Iterators And Abstraction Ruby

Picasso on Abstraction

Notice that the details of the bull are removed and the image is still identifiably a bull.
— Pablo Picasso, on Abstraction.

Objectives

  1. Understand the concept of iteration
  2. Understand simple iteration or looping
  3. Get an introduction to complex iteration

Iteration vs. Looping

In previous readings we discussed the four loop types, loop, times, while, and until. Now we're going to discuss the difference between looping and iteration. Looping occurs when you tell your program to do something a certain number of times. Iteration occurs when you have a collection of data (for example, an array), and you operate on each member of that collection.

For example, if I tell my program to print out the phrase "I love programming!" five times, that's looping. If I tell my program to enumerate over the array [1, 2, 3, 4, 5] and add 10 to each number, that's iteration.

loop - The Least Abstract

Let's talk about the algorithm required to go through all the individual items in a set.

Imagine having a basket with ten (10) apples in it. What would you need to do to make sure that you took out all of the apples? You might think that it's enough to take an apple out of the basket one at a time. But that's not necessarily complete—at a certain point there will be no more apples in the basket; you will need to keep track of that or else you might never stop reaching in for more apples. The solution turns out to be a little more complex than it seemed at first; it might look like something like this:

  1. Keep track of how many apples there are in the basket.
  2. Keep track of how many apples you have taken out of the basket.
  3. Start a loop.
  4. If the count of apples you take out is less than the count of apples originally in the basket, take one out and increment the count of apples taken out by one.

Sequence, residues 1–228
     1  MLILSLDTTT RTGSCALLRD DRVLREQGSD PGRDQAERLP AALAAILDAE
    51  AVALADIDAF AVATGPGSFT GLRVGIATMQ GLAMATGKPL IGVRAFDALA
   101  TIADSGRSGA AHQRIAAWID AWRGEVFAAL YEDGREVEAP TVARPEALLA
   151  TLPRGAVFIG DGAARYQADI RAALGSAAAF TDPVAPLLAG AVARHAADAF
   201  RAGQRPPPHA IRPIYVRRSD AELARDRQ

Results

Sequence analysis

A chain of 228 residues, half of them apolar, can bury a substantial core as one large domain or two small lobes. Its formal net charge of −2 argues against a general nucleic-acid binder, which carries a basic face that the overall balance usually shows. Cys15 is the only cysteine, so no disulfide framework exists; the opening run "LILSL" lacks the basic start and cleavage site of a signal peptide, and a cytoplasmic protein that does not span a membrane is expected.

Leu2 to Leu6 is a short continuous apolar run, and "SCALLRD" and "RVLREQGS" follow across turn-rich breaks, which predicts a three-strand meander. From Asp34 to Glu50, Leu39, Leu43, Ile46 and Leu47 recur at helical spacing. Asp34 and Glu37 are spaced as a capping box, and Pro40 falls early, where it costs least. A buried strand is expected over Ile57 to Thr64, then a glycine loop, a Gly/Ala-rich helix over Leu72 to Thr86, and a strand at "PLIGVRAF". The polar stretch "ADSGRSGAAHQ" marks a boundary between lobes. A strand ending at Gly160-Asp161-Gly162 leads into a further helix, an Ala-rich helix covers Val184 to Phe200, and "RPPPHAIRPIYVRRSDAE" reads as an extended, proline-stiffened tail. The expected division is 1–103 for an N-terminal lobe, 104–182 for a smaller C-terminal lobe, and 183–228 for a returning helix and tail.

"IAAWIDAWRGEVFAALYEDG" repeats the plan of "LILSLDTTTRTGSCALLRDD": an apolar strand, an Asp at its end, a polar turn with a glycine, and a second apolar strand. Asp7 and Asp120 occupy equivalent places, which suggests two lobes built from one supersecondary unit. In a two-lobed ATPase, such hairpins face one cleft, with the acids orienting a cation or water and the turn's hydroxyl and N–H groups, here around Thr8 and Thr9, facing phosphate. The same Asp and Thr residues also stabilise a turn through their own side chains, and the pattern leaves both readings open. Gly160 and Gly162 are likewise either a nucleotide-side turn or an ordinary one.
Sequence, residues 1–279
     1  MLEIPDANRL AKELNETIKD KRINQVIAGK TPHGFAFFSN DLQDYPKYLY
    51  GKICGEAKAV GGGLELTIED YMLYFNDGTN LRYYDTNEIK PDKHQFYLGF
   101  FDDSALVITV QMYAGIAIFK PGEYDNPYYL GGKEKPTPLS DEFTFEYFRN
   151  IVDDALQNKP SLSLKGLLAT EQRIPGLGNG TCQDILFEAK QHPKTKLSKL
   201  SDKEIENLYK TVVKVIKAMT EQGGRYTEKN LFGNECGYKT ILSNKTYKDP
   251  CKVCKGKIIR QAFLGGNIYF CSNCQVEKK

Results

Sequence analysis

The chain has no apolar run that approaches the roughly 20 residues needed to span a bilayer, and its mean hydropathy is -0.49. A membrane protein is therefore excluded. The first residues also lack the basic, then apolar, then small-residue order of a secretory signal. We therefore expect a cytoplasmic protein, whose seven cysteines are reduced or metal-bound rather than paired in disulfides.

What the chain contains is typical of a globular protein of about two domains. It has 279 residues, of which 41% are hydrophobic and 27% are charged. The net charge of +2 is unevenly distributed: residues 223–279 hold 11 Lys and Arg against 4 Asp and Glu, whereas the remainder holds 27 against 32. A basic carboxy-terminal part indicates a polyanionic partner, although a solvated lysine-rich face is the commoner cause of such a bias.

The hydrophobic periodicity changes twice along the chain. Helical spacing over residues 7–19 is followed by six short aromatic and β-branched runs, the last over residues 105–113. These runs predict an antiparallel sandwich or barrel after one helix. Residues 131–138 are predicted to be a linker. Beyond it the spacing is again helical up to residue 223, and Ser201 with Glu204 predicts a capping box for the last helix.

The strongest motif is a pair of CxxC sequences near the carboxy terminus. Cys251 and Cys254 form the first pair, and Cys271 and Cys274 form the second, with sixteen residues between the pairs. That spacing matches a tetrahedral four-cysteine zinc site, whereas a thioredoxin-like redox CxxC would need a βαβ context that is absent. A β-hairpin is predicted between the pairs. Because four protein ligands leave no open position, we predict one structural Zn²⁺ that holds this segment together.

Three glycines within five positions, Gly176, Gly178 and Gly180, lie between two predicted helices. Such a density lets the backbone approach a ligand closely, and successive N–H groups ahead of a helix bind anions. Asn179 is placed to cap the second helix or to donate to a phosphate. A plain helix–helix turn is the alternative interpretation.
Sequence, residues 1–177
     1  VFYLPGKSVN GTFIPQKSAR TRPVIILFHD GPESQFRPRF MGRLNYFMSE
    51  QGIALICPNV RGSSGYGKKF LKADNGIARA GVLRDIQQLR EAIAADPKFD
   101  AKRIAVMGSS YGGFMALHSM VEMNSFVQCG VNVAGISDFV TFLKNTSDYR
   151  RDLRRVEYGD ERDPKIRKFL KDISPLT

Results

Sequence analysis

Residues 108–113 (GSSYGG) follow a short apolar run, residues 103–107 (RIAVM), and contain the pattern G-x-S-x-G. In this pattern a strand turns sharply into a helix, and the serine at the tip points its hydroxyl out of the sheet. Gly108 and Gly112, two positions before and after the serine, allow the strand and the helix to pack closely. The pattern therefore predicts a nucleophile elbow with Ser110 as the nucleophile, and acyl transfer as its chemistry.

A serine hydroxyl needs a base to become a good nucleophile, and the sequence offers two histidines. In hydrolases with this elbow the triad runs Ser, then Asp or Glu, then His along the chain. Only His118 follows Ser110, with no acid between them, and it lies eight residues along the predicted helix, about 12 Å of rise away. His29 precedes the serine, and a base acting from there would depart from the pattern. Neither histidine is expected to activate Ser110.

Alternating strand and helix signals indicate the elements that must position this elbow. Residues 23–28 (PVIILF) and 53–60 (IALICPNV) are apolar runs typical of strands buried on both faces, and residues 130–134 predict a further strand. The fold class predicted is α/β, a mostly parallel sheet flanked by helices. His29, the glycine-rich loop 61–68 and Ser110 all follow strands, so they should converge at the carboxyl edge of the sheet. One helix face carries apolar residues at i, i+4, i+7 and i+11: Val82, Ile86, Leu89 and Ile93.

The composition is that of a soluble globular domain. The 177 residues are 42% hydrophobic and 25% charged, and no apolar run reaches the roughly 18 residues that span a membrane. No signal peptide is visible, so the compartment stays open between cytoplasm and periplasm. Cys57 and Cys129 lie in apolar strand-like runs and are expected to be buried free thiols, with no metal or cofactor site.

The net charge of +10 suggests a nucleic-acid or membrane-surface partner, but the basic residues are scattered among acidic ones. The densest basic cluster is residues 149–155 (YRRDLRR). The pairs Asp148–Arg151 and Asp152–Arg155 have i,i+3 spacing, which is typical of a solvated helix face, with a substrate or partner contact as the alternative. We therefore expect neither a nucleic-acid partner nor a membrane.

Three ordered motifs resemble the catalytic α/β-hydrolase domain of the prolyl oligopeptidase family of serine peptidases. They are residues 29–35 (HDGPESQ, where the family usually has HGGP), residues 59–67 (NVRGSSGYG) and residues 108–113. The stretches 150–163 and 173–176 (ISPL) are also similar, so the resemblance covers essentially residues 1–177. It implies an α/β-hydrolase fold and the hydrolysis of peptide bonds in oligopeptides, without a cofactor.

5. If the count of apples taken out is NOT less than the count of apples originally in the basket, then break out of the loop.

This will ensure that we take out all the apples and never reach into the basket once it's been emptied of apples.

In Ruby, we might implement the above pseudocode into our code similar to this:

basket = ["apple 1","apple 2","apple 3","apple 4","apple 5","apple 6","apple 7","apple 8","apple 9","apple 10"]

apples_in_basket = basket.size # Step 1
apples_taken_out = 0 # Step 2

loop do # Step 3
    if apples_taken_out < apples_in_basket 
        # Step 4
        puts "Taking out #{basket[apples_taken_out]}"
        apples_taken_out += 1
    else
        # Step 5
        break
    end
end

So that's the least abstract implementation of the algorithm. All the details are there, every step is accounted for explicitly in the code. We won't change the algorithm, we'll just look at more abstract implementations.

while - A Little More Abstract

The goal of abstraction is to remove details.

basket = ["apple 1","apple 2","apple 3","apple 4","apple 5","apple 6","apple 7","apple 8","apple 9","apple 10"]

apples_in_basket = basket.size # Step 1
apples_taken_out = 0 # Step 2

# Step 3 + 4
while apples_taken_out < apples_in_basket
    puts "Taking out #{basket[apples_taken_out]}"
    apples_taken_out += 1
end

What we did here first was combine two steps 3 and 4 into a while loop—initializing a cycle of behavior based upon a condition, which is what the word while means both in Ruby and in English. Abstraction didn't make our code less clear, it rather made our code "absolutely precise". Brevity for the sake of brevity is silly, but our goal is to always express ourselves as clearly and honestly as possible. Because our loop is conditional from the start by using the while loop construct, we don't need to explicitly break out of it; this makes step 5 implicit.

each - The Most Abstract

Being abstract is something profoundly different from being vague.... The purpose of abstraction is not to be vague, but to create a new semantic level in which one can be absolutely precise.
— Edsger Dijkstra

basket = ["apple 1","apple 2","apple 3","apple 4","apple 5","apple 6","apple 7","apple 8","apple 9","apple 10"]

# Step 1,2,3,4,5
basket.each do |apple|
    puts "Taking out #{apple}"
end

Here we see the full power of the Ruby iterators. To quote Kent Beck, "you don't use 3-4 lines to express iteration, you use one word." If you mean each apple, just say each apple. All the details of the algorithm are removed and replaced with the intention of our code, not the implementation of the algorithm.

Don't worry if you're not fully grasping each. We'll cover this more in depth in subsequent lessons.

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